By Ritah Mukisa
Forty years down the road, the Joint Medical Store (JMS) is still the leading private pharmaceutical firm in Uganda, offering quality products and services.
Dr Emmanuel Higenyi, the director technical services, says they have maintained this position because they are guided by their vision of being the leading supplier of quality health solutions for the Glory of God. “Quality defi nes JMS.
We practice stringent quality assurance mechanisms to protect our clients from substandard commodities,” Higenyi says.
He adds that they have put in place key quality interventions at different levels. For example, JMS emphasises legitimacy of the products before they are accepted and distributed to different health facilities.
Higenyi adds that medicines are produced bearing in mind the countries where they are used because what is produced for a country in Europe may not work for Uganda.
The quality assurance department also scrutinises the movement of products and their handling. Kevin Juma Otieno, the quality assurance offi cer and company pharmacist, adds that medicines deteriorate if they are not handled well.
So, the clinicians may not get the therapeutic benefi ts they expect, and in the end, they put the blame on JMS. “When we receive the commodities, we check all those factors,” he notes. CLICK HERE FOR MORE ON THIS STORY
JMS thrives on innovation — Baguma
The Catholic and Anglican churches in Uganda formed the Joint Medical Store (JMS) in 1979. From humble beginnings JMS has grown to become the leading private provider of pharmaceutical products in Uganda. The executive director, Dr Bildard Baguma, in an interview with New Vision’s Umar Nsubuga, takes us through their 40-year journey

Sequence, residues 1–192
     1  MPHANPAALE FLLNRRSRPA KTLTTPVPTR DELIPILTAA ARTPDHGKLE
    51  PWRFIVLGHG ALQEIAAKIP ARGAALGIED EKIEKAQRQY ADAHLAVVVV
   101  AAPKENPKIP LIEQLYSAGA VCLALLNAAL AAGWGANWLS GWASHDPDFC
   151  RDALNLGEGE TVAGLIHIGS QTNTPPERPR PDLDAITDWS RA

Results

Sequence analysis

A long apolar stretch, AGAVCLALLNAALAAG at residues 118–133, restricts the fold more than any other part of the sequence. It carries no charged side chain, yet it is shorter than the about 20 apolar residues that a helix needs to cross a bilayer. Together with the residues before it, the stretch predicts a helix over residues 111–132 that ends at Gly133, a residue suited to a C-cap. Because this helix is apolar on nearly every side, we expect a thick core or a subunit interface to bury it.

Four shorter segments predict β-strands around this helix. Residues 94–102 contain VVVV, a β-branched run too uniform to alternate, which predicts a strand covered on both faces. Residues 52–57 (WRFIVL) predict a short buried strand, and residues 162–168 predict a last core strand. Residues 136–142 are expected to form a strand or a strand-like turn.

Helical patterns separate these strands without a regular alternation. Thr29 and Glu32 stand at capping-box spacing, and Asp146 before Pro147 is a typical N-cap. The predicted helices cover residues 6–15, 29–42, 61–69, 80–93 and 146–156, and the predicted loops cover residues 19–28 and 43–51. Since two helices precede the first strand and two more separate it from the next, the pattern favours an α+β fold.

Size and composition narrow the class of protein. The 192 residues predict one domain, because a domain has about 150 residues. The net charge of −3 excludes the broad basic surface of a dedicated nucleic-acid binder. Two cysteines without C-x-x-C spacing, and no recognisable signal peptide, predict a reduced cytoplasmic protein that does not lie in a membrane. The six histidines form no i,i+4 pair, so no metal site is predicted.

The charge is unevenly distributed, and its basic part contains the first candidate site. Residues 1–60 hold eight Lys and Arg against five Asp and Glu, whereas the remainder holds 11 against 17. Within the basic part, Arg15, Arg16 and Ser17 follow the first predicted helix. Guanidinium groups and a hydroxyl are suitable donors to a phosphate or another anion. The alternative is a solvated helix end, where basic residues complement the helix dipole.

What has helped JMS to grow over the last 40 years?
We highly cherish professionalism. We believe that there are no shortcuts to success, but rather hard work and professionalism day in, day out. We also put rigorous attention to quality and detail, as well as collaborations with our colleagues, both locally and internationally. Manufacturing processes and know-how for all the products we deal in. Another factor is the continuous training and mentoring of our staff. These have been pivotal in the JMS growth.
How would you describe the contribution of JMS to the health sector?
JMS is playing a big role in the health sector, in our fi rst decade, the focus was on getting medicines and sending them all over the country. However, it was soon realised that health facilities also lacked functional equipment. To address the need, a medical equipment department was established in 1981. Ten years later, the pharmaceutical market was facing another hurdle; this time, the cost of importing supplies was very high, we set up a production unit and we have started manufacturing. Our standard, leadership and governance contribute a lot to the health sector. CLICK HERE FOR MORE ON THIS INTERVIEW
How Anglican, Catholic co-operation birthed JMS
By Umar Nsubuga and Mathias Mazinga
The Joint Medical Store (JMS) was established in 1979 as a joint venture between the Uganda Catholic Medical Bureau and the Uganda Protestant Medical Bureau.
By establishing this ecumenical co-operation, the Catholic bishops, who own the Catholic Medical Bureau, and the Church of Uganda Prelates, who own the Protestant Medical Bureau, wanted to combine efforts to boost the medical services of the two mainstream churches.
The solidarity of the Catholic Church and the Church of Uganda in the medical/healing ministry was highlighted in clear terms during the extraordinary symposium that was organised at the headquarters of Uganda Joint Medical Store at Nsambya, Kampala on June 4.